Photo by Bojan Savnik on Unsplash

Though you need to be careful in this area to avoid clashes in taste, I've discovered lovely gift books, hand-painted boxes, soaps and lotions, coasters and table runners that are easy to bring back and are well-received by anyone. Avoid something people will need to hang on their walls or otherwise put on display as displayed items in a person's home are usually very personal.

Handmade + artisanal products

fudge wrapped in colourful paper
Photo by Viktor Forgacs on Unsplash

I find arts and crafts markets are treasure troves for unique gifting box items. Much like souvenirs, non-perishable food items, small kitchen items and things created by local artists that can be used are equally meaningful gifts.

I don't limit my gift box additions to treasures I pick up while in far-off places. I've found some incredibly unique and beautiful items in my own backyard and am always sure to pick up a few for future use…and even for myself.

Christmas decor on a table
Photo by Michael Mroczek on Unsplash

Your own handmade products can also be a welcome gift. Though I'm not very crafty, my mother was incredibly talented in this area and had everything from small stained-glass boxes to watercolour painted cards. Many people I know make their own preserves, candles and soaps.

More gifting box Ideas

rose gold stationery on a table
Photo by Jess Watters on Unsplash

Other items that have been big hits are:

  • Games – This includes everything from Uno to mahjong sets to trivia cards.
  • Gift cards – Though I keep these at a minimum because they seem more transactional, they can work nicely for a coworker's birthday or a holiday gift for teachers.
  • Books – I try to keep these fun, light and inspirational. My rule of thumb: does this book work well for bathroom reading?
  • Kitsch or nostalgic items – As long as it isn't junky! I have lots of “Canadiana” in my gifting box—thermoses with a mountie print and CBC classic logo socks and toques.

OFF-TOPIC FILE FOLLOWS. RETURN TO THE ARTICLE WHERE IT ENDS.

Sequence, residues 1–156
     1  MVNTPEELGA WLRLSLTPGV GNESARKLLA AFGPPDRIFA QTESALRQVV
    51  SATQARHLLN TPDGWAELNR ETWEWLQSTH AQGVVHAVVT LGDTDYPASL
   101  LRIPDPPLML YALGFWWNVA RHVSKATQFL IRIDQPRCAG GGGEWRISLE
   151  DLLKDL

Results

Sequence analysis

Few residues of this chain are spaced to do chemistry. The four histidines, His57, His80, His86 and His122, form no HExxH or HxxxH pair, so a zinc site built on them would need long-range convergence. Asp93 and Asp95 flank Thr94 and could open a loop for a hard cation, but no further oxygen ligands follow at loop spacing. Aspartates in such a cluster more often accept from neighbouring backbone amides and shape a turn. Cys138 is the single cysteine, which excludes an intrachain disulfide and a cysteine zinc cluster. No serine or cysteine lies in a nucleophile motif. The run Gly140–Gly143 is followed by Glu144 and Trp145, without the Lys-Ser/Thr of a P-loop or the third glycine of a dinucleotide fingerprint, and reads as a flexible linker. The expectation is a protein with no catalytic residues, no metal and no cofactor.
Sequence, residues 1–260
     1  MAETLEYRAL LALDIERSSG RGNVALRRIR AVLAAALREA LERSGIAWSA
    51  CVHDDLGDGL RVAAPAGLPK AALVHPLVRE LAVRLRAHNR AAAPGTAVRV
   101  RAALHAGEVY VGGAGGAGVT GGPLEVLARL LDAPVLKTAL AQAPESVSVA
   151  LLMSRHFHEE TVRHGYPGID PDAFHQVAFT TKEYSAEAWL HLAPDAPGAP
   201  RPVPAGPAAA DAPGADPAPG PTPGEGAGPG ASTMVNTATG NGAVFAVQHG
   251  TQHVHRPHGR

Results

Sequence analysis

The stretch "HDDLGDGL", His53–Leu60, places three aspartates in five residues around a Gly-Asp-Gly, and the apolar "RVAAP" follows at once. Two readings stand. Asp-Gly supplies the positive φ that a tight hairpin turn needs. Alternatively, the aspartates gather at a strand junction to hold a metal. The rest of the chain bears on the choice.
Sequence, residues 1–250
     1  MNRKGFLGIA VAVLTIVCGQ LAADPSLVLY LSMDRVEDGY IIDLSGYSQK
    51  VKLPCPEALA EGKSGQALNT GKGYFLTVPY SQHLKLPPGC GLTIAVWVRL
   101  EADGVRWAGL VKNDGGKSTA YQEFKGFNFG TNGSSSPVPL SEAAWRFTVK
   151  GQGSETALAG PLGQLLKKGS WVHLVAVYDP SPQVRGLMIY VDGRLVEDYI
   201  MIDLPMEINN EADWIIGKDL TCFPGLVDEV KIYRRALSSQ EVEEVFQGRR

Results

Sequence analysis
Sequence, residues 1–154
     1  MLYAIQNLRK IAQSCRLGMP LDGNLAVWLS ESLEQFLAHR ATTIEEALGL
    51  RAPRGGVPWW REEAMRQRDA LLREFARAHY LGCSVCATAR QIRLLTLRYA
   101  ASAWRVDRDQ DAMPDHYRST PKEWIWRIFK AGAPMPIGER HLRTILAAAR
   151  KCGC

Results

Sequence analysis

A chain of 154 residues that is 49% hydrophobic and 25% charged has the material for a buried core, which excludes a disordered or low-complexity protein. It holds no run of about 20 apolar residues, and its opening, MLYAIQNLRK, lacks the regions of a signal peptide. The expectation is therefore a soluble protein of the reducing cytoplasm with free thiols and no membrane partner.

• Paper and stationery – Notebooks, writing paper, nicer pens and fun and unique desktop items (like novelty push pins) can also be fun to gift in the right scenarios.
decorated pencil bags
Photo by Jon Tyson on Unsplash

I also make certain I have a stack of cards for every occasion and the appropriate wrapping accoutrements.

Price points + other considerations

a person charging a credit card with a POS machine
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Generally, the items in the gifting box range from $10 to 30, but there are a few more premium items for special occasions. At the end of the day, the value lies in the eyes of the recipient. A small ceramic hand-painted box from Portugal or a tiny bag of a rare spice from the Middle East may have only cost you $5 but could be worth a fortune to your host, while an expensive art piece that doesn't suit their taste is worthless.

Even though the items are purchased without a specific person in mind, you should still try to bring an item you know your host would enjoy.

a gift box filled with food in jars
Photo by Dmitry Mashkin on Unsplash

The key to having the right gifts for every occasion is to think about filling up this gifting box year-round and learning from which gifts are the most joyfully received. Make it a habit to think about the gifting box when you're travelling, at a market or just shopping around. Stay away from clutter and buy things you would want and use.

As the holiday season approaches and the multiple last-minute invitations roll in, you will be grateful you stocked up.